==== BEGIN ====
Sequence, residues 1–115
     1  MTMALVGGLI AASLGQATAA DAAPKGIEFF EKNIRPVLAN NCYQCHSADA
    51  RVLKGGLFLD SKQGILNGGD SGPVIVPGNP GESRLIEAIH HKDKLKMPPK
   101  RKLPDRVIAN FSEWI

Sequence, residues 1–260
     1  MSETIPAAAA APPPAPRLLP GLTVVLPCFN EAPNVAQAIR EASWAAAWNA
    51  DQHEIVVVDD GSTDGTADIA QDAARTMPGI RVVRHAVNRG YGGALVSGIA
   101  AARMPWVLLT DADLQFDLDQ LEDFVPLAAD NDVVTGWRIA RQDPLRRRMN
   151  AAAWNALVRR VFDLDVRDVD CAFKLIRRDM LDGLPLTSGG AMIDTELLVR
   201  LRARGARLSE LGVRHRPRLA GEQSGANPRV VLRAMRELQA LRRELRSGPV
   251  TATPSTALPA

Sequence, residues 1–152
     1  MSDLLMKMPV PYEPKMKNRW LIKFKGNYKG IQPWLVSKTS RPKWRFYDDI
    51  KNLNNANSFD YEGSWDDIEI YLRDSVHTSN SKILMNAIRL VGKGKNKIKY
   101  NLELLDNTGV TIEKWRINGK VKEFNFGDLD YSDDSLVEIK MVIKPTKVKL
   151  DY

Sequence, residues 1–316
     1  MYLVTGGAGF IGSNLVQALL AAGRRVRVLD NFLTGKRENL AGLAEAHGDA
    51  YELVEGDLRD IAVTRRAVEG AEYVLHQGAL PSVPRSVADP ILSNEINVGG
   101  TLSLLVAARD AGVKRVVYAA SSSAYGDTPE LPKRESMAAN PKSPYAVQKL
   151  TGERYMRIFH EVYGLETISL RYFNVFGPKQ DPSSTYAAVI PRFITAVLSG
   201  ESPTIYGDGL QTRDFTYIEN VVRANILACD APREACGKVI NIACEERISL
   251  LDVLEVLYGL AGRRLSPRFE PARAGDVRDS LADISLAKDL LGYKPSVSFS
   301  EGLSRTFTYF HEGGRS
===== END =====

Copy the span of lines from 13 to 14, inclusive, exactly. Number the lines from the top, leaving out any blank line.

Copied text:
     1  MSDLLMKMPV PYEPKMKNRW LIKFKGNYKG IQPWLVSKTS RPKWRFYDDI
    51  KNLNNANSFD YEGSWDDIEI YLRDSVHTSN SKILMNAIRL VGKGKNKIKY